A letter I once wrote to Paul Shaw regarding the history of Akzidenz-Grotesk by Berthold.
Günther Gerhard Lange was convinced that Akzidenz-Grotesk doesn’t have its origin at Berthold but goes back to Ferdinand Theinhardt’s foundry in Berlin. Theinhardt, said Lange, cut one of the first later AG-styles, Royal-Grotesk, in 1880. Those fonts came to Berthold via their acquisition of the Theinhardt foundry in 1908. Berthold combined them with other fonts acquired from other foundries and some of their own to form the Accidenz-Grotesk family (early spelling with double-c).
Thus, AG was not designed as a coherent type family but is a collection of fonts from different sources and foundries Berthold bought over the years. However, supposedly for marketing reasons, they were not so keen on displaying that fact everywhere. They rather stated the typeface being a “house cut” from 1898 in all their material, as also widely found in type publications. Both, Royal as well as Accidenz-Grotesk were sold under their respective names until 1926. Later Royal became AG mager (light), Steinschrift became AG schmal (narrow), Bücher-Grotesk from 1896 became AG schmal fett etc. (see GGL in tm 2, 2003). This “combining” of formerly solitary fonts and the idea of a type family, a series of stylistically connected fonts, may be regarded as Berthold’s biggest contribution to AG and future typeface releases.
According to Eckehard SchumacherGebler though, Theinhardt cannot be the creator of Royal nor AG. ESG researched in Friedrich Bauer’s Chronik der Schriftgießereien as well as in Theinhardt’s own Erinnerungsblätter (journal/diary) from 1899. The Chronik states that Theinhardt, born 1820, sold his foundry to the Mosig brothers and Oskar Mammen in 1885 and stopped working shortly after that. He died in 1906.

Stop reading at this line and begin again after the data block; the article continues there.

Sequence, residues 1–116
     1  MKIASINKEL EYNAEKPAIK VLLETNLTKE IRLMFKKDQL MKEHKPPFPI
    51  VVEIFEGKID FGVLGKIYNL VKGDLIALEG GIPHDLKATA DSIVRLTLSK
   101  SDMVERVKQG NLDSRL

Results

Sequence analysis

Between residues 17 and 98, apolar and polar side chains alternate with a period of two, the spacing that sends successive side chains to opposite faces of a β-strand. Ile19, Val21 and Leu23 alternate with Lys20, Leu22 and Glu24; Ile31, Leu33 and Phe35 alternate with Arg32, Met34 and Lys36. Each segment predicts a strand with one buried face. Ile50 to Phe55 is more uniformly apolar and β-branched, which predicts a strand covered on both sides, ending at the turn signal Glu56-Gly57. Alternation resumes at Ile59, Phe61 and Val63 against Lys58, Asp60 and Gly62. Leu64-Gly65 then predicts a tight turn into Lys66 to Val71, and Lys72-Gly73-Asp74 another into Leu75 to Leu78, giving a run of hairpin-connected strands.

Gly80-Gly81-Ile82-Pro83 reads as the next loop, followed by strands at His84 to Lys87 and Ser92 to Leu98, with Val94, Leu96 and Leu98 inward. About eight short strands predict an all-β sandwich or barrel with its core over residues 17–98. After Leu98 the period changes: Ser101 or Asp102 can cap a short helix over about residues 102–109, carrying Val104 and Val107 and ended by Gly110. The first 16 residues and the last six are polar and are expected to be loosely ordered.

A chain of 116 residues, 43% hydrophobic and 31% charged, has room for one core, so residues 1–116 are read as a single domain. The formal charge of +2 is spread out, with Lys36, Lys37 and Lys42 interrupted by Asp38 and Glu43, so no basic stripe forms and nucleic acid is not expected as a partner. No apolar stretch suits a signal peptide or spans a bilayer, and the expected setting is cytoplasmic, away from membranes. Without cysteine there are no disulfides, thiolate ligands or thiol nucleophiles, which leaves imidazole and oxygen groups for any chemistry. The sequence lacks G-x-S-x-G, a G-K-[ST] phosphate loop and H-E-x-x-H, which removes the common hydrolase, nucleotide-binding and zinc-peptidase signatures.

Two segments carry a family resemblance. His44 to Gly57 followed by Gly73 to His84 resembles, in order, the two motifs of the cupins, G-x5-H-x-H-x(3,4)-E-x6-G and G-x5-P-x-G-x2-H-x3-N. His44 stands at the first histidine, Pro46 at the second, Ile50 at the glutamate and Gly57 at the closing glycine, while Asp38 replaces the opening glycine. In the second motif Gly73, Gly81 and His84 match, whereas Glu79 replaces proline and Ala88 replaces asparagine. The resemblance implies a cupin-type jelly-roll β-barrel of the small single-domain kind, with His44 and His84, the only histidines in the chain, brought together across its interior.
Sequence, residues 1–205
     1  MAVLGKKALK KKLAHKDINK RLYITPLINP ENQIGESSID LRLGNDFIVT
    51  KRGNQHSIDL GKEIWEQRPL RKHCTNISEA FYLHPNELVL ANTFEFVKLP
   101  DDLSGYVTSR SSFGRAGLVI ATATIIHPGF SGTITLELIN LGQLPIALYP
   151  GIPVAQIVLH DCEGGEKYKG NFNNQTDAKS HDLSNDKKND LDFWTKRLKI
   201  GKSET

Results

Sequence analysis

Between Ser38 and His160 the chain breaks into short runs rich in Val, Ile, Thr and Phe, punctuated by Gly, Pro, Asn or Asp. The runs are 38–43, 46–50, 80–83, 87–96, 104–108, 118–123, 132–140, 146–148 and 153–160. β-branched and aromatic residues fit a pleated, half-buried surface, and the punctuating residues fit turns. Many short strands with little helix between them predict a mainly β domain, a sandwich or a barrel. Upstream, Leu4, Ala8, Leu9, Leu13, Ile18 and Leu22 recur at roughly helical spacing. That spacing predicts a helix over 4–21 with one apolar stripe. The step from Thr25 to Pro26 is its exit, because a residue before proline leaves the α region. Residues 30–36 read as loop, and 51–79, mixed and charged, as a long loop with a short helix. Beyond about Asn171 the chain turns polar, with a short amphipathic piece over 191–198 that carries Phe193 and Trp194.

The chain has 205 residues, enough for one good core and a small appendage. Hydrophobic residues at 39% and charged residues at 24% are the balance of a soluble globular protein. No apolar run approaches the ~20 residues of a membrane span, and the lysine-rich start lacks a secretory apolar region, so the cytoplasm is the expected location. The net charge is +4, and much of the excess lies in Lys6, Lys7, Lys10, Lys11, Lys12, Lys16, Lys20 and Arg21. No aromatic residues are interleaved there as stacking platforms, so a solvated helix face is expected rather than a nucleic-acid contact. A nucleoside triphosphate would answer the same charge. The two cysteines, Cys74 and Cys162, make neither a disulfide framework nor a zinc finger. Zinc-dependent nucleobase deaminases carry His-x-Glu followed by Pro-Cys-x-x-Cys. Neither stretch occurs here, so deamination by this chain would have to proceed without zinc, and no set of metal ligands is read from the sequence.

There is no Royal or AG to be found in Friedrich Bauer’s chronicle nor in Theinhardt’s specimen of 1905. Only in the edition of 1908/09 an Accidenz-Grotesk is shown. Berthold bought Theinhardt shortly before the specimen was published and obviously added typefaces from their program (this according to a note in Chronik der Schriftgießereien).
However, the Theinhardt specimen of 1905 (or 1895 as Wolfgang Homola states, they obviously worked on it for many years) does show a Breite Grotesque. Maybe a precursor of it all. There has also been a Schmale magere Grotesk, Enge fette Grotesk and Fette Grotesk by Theinhardt. Breite Grotesque looks similar to Halbfette Accidenz-Grotesk in a later specimen (as Andreas Seidel claims) but might stem from a different source altogether.
Images by Wolfgang Homola posted on Typophile, now on Luc Devroye’s site
Berthold published this ad below in the Deutscher Buchdrucker in 1899. Thus there must have been an Accidenz-Grotesk at Berthold long before the acquisition of Theinhardt’s foundry in 1908. For a while I suspected those fonts came from Bauer & Co in Stuttgart, which Berthold bought in 1897 (see Schwemer-Scheddin/Klein Types and Typographers), but I didn’t find any in their specimens, alas (apart from a shaded grotesk).
The Seemann Handbuch der Schriftarten from 1926 lists the following as from H. Berthold AG:
Akzidenz Grotesk, 1898
Royal Grotesk, 1902
Akzidenz Grotesk, breit, 1908
Akzidenz Grotesk, halbfett, 1909
Akzidenz Grotesk, fett, 1909
Akzidenz Grotesk, breit mager, 1911
Akzidenz Grotesk, eng, 1912
From the Berthold Chronik, 1921:
Image posted by Spiekermann on Typophile
Still quite muddy, the water, but I hope I could clear up some things a tiny bit.
Read also Part Two of Some notes on AG with things we found since 2012